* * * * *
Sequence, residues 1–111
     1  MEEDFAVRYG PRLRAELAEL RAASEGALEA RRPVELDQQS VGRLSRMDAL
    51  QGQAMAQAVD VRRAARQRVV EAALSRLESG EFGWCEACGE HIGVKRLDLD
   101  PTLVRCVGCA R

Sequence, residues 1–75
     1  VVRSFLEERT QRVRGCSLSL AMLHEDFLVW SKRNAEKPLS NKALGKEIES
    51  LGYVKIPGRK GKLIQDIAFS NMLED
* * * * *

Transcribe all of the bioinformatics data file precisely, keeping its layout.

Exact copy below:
Sequence, residues 1–111
     1  MEEDFAVRYG PRLRAELAEL RAASEGALEA RRPVELDQQS VGRLSRMDAL
    51  QGQAMAQAVD VRRAARQRVV EAALSRLESG EFGWCEACGE HIGVKRLDLD
   101  PTLVRCVGCA R

Sequence, residues 1–75
     1  VVRSFLEERT QRVRGCSLSL AMLHEDFLVW SKRNAEKPLS NKALGKEIES
    51  LGYVKIPGRK GKLIQDIAFS NMLED